There were in those days differences in faith, patience, and piety, amongst the Christians; but Jesus bears them all on His heart. He says, “It is Myself.” And there is a complete revolution in Paul, learned, religious, and a persecutor. The more there is of religion of the flesh, the greater enemies we are to Jesus. The finer the outside, the more honest and brave I give myself out for, exactly so much the more I am God's enemy, and so much the more opposed to the grace of Jesus. He who wallows in sin will not pretend to be the friend of God, to be reconciled with Him.
But as for those who have believed, Christ identifies Himself with them. In this room there are those who believe, and others who do not believe. Amongst those who believe there are (without doubt) many degrees of spirituality; but I can say of all these believing ones, “They are one with the Lord Jesus.” It is evident that this simple truth changes all in the state of the soul—the being one with Him Who is in glory.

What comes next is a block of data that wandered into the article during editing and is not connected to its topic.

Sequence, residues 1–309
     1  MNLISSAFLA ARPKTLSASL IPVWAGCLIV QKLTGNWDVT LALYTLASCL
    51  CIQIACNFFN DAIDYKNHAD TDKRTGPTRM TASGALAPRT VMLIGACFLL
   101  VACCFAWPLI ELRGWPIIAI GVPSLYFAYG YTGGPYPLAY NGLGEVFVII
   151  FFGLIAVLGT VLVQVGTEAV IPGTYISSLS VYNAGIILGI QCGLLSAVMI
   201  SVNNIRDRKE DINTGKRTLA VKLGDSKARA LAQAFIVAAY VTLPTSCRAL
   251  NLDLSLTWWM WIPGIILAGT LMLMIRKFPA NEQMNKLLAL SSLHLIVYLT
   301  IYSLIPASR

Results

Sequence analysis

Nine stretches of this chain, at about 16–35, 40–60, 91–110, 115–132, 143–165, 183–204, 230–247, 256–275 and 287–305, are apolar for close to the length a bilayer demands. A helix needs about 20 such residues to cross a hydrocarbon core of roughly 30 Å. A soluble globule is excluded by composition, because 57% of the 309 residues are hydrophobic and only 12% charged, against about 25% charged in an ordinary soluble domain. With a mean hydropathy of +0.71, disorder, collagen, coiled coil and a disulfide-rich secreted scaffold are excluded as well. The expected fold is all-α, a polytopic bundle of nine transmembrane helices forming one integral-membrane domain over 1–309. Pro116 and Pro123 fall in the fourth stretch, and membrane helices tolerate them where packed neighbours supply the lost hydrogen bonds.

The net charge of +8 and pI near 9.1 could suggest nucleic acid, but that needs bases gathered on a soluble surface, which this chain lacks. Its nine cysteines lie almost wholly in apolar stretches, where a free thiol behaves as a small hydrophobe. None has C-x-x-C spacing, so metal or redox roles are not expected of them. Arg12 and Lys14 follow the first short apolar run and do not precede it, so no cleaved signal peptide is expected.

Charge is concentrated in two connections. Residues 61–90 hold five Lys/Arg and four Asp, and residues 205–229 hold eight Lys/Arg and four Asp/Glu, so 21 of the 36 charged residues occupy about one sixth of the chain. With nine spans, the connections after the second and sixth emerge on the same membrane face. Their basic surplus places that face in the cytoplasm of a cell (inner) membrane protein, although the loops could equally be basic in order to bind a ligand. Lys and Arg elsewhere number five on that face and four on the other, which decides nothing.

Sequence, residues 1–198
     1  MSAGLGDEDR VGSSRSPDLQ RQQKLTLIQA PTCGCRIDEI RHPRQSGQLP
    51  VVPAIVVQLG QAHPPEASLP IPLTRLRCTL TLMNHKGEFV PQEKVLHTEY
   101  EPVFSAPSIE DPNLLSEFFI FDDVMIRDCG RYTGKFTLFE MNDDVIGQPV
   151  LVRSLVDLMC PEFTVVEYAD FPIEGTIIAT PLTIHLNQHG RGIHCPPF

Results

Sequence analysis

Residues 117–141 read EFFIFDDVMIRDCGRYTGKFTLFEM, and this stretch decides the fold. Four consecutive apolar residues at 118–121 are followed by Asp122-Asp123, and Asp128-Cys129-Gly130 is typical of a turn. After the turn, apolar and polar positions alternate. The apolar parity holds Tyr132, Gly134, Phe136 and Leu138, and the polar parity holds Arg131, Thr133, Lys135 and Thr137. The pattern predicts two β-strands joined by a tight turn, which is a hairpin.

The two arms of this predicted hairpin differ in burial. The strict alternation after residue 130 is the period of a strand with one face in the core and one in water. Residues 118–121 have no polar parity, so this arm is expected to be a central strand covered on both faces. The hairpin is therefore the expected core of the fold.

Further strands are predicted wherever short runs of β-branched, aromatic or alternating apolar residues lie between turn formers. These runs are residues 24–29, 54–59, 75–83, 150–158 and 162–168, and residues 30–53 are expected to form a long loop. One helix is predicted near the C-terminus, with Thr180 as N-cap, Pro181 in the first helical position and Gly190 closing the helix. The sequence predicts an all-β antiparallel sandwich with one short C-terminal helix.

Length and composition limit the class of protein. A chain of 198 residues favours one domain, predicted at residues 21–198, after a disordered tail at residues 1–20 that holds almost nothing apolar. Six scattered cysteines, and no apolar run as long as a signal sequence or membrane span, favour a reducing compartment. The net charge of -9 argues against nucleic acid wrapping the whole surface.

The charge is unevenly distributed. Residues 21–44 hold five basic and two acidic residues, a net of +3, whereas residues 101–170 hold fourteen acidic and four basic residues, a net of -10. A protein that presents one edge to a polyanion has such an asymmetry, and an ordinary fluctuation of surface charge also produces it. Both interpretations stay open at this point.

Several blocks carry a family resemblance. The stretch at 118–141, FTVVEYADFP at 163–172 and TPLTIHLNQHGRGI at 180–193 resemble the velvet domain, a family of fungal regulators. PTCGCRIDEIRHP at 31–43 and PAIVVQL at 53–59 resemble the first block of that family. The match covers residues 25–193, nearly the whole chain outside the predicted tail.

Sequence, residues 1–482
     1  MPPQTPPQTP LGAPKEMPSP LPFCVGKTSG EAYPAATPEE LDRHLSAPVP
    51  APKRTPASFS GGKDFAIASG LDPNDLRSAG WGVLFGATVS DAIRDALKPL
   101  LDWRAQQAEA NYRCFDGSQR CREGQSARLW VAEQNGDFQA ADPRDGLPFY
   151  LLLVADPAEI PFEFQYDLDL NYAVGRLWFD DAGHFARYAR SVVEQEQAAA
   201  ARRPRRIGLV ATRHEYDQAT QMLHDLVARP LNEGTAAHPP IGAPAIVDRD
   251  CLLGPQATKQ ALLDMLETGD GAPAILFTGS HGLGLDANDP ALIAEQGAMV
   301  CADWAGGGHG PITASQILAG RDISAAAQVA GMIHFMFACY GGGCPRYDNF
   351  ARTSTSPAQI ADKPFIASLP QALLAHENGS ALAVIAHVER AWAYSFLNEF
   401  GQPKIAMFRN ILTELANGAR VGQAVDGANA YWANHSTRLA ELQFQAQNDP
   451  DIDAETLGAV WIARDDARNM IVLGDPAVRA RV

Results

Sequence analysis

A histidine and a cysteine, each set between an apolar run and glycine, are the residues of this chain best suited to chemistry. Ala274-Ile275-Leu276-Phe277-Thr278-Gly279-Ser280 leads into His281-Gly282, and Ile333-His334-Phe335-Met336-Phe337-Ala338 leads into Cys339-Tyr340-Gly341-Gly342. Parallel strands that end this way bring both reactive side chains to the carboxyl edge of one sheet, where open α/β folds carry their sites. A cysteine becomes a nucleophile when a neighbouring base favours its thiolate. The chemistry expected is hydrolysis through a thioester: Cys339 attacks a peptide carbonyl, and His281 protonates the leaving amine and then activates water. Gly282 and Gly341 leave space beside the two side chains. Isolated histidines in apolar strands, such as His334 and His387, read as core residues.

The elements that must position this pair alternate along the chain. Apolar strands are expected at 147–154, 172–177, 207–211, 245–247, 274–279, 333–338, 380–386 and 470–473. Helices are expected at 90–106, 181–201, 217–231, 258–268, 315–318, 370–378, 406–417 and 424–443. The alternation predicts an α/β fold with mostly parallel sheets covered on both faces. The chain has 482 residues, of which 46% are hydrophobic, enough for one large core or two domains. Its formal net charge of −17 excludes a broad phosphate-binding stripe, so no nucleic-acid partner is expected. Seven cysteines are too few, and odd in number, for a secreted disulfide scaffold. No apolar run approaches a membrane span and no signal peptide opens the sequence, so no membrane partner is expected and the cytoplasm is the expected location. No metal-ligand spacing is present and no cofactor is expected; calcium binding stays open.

Paul had been later caught up to the third heaven, and had precious revelations. When he was arrested on the road to Damascus, he had yet much progress to make, for he was shocked at himself, till Ananias had explained and made him understand what Jesus wanted of him (see Acts 22:1414And he said, The God of our fathers hath chosen thee, that thou shouldest know his will, and see that Just One, and shouldest hear the voice of his mouth. (Acts 22:14)). Then Ananias said to Paul, “The God of thy fathers hath chosen thee, that thou shouldest know His will and see that Just One, and shouldest hear the voice of His mouth. For thou shalt be His witness unto all men of what thou hast seen and heard.” But from the moment that he truly knew the Lord Jesus, he was one with Him, and he knew it.